breast cancer symptoms: lumps & bumps shouldn’t be ignored

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The sooner a disease or disorder is detected, the more chances of getting it treated.  Especially, when the disease is as lethal as cancer, detecting the early symptoms may reduce the risk factors to a much extent.

But, often most of us ignore unusual swellings in the body, only later we realize that these inflammations needed much attention than ignorance. Any sort of swelling, lumps, and bumps shouldn’t be under-looked as they may be the initial symptoms of an underlying problem.

Early symptoms of breast cancer

Some of the most common signs of breast cancer include the formation of lump/lumps in the breast and also, development of a painless, hard mass in the breast having irregular edges. In some cases, breast cancer appears as red or thickened skin rather than a lump.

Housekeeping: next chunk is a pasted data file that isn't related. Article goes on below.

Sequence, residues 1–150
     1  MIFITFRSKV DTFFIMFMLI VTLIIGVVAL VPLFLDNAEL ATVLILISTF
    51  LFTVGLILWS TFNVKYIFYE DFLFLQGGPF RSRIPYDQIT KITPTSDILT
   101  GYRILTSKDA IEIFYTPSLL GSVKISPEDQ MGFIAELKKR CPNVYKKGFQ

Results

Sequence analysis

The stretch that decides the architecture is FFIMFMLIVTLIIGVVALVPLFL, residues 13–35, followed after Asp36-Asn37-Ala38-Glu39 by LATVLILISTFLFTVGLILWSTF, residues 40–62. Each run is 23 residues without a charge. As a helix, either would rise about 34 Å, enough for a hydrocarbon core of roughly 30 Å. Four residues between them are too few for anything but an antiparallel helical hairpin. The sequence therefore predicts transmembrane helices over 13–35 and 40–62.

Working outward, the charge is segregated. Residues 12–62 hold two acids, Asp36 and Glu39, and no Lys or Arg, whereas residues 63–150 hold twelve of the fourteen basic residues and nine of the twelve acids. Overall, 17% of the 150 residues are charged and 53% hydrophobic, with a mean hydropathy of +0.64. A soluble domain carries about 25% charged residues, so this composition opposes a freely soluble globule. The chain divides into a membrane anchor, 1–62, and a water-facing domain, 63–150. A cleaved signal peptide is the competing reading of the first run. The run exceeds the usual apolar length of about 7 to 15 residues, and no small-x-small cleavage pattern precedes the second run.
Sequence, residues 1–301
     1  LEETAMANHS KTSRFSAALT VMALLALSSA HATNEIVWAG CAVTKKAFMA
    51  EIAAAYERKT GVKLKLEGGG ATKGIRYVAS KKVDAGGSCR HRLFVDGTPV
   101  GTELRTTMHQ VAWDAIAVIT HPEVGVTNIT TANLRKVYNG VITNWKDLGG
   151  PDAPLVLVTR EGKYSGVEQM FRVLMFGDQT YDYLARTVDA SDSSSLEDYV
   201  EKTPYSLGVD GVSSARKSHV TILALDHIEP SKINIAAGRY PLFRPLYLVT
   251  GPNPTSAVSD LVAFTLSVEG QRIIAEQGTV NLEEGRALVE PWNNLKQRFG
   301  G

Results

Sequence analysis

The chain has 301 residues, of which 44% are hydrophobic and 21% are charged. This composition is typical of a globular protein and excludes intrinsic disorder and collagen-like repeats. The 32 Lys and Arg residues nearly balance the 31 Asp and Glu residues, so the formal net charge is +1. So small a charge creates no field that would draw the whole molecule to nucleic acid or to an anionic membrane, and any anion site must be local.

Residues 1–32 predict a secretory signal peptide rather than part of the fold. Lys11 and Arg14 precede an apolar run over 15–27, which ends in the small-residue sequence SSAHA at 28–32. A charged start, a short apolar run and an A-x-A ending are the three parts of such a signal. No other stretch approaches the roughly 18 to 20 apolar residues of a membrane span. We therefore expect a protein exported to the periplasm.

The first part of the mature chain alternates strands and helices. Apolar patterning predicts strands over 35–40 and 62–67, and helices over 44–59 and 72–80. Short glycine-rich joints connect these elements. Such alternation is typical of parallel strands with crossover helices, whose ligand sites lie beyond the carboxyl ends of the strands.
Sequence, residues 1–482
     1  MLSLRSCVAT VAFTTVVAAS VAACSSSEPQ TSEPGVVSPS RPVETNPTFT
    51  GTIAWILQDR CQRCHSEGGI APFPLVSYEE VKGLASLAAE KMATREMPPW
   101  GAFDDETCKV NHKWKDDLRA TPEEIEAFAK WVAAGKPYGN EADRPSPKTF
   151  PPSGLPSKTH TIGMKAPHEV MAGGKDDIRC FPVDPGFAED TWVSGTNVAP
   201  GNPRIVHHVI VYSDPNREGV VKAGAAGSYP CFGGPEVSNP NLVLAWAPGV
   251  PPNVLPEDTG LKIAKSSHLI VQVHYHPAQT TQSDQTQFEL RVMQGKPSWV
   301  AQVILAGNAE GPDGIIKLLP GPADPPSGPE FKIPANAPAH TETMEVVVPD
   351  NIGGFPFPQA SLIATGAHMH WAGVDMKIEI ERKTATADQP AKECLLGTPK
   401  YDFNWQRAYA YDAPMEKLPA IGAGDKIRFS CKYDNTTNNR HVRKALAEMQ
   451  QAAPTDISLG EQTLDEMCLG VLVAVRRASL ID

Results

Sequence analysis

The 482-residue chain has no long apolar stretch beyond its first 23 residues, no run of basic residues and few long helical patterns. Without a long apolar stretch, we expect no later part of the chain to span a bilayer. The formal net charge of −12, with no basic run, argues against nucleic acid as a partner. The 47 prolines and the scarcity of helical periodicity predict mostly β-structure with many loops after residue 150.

Other common symptoms of breast cancer include:

  • Swelling in breast
  • Nipple retraction (nipple turning inwards)
  • Pain in breast or in nipple
  • Discharge from nipple (not milk)
  • Redness of breast or of the nipple
  • Skin irritation or dimpling

Are all lumps needed to worry about?

No, you don’t have to pay much attention about all limbs. Small swellings (less than a centimeter), which has been present for years should not be of much worry. Also, lumps from a trauma or acute injury or an infectious process need to be differentiated from those with malignant potentials.

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Is uterine cancer curable?

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Once you’re diagnosed with uterine cancer, you have to approach the health care provider for an effective cancer treatment. Surgery is the most important treatment for uterine cancer, although there are different methods to treat this cancer that depend on the personal circumstances.